Mobile WiMax: Back to Basics

If there's one safe assumption about mobile WiMax, it's that the technology won't languish as a niche play. Why? It's not simply because a few hundred vendors and service providers have a good deal of money and reputation riding on this technology. It's also because, even if mobile WiMax doesn't live up to all of its backers' lofty ambitions, it is clearly shaping up to be a viable choice for mobile broadband.

To help CIOs and IT managers sort through their options, this edition of Unstrung Enterprise Insider, entitled Mobile WiMax: Who's Doing What, looks at vendor plans, when the technology will be commercially available, and what enterprises can expect in terms of throughput, coverage, roaming, and device selection. This is important because, although the first WiMAX Forum-certified user devices are likely to debut sometime in the second half of 2007, it will take at least another year before the technology starts to become a viable option for most enterprises.

"It's really science-experiment time," says Kevin Suitor, vice president of business development and marketing at Redline Communications Inc. , a mobile WiMax vendor. "For the most part, it's going to be about getting the formula right in 2008. If I were an enterprise, I'd be planning on deployment in 2009-2010."

Why? One reason is mobility: Because users will be moving around, fundamental issues such as roaming, handoffs, and coverage become critical for service providers and their customers. Based on discussions with nearly a dozen vendors and Sprint Corp. (NYSE: S), Unstrung Enterprise Insider believes that domestic and international roaming will happen later rather than sooner.

Achieving just basic roaming means lining up multiple business relationships and the necessary devices, such as multiband PC card modems – which is no small task, when one considers how much vendors and service providers have on their plates learning and deploying a new technology. Add in roaming between mobile WiMax and 3G, which is a goal of operators such as Sprint, and the engineering challenges become even more difficult.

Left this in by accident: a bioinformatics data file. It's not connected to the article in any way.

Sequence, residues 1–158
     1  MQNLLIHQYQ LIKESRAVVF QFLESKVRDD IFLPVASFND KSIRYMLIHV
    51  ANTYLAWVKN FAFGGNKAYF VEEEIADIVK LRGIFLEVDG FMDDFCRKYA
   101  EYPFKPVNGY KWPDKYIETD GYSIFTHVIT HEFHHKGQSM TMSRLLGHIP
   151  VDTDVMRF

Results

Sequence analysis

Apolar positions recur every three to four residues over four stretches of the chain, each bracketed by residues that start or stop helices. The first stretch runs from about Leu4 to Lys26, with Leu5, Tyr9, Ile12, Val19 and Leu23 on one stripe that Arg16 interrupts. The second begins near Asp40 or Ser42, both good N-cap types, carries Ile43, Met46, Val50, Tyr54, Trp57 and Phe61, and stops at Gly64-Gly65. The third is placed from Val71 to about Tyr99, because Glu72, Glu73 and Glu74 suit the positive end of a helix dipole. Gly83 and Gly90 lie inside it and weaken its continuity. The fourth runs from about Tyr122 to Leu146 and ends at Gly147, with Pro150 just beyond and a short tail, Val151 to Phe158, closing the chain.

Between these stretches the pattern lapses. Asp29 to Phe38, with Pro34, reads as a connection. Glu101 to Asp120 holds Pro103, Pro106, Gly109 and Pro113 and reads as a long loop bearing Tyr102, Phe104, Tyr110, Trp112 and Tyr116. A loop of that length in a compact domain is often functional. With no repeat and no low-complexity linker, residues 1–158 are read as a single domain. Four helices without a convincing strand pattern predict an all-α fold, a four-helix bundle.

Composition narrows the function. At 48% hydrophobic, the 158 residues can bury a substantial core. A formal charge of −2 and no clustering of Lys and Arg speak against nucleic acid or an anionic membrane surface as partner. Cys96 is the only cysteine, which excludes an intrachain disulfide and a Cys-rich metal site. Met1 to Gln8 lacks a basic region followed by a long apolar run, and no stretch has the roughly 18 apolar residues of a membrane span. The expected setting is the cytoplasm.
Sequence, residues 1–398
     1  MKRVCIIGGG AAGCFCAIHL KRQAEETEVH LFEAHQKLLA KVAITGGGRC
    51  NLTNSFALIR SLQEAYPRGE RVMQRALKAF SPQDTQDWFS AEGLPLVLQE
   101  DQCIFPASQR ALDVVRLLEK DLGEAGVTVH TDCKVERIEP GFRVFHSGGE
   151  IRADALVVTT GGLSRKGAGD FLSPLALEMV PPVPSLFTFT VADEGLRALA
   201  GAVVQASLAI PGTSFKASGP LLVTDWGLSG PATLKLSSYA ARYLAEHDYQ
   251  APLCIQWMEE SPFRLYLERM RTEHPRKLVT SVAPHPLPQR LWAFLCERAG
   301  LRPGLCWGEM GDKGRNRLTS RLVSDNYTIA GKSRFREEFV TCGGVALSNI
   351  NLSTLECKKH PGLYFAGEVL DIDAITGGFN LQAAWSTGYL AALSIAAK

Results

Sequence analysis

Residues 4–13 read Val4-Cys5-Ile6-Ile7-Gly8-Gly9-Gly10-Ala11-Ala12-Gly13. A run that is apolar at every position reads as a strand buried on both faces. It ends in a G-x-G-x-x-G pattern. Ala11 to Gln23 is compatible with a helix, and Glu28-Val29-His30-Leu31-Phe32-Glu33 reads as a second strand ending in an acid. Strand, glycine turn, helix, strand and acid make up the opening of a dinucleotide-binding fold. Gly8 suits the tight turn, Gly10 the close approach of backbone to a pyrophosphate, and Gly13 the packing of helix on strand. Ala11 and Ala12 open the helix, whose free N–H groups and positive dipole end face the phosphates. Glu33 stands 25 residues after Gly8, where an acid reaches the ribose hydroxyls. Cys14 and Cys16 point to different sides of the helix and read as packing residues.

Nevertheless, roaming support will be important to enterprises, especially during mobile WiMax's first years, when coverage will be spotty. As a result, some device vendors and service providers are likely to try to position roaming support as a market differentiator. Those with cellular experience should have a competitive edge because that industry has spent decades getting roaming down to a science. Although the technologies are significantly different, the hands-on experience deploying cellular technology will be enormously valuable when creating technical and business frameworks for mobile WiMax roaming.

Basics such as roaming and coverage might not grab the attention of press and customers the way that data rates and broadband apps do, but they're important. As mobile WiMax inches closer to commercial reality, how vendors and service providers address those fundamentals will go a long way toward separating the winners from the losers.

— Tim Kridel, Analyst, Unstrung Enterprise Insider

This report, Mobile WiMax: Who’s Doing What, is available as part of an annual subscription (6 bimonthly issues) to Unstrung Enterprise Insider, priced at $1,295. Individual reports are available for $900. For more information, or to subscribe, please visit: www.unstrung.com/enterprise.

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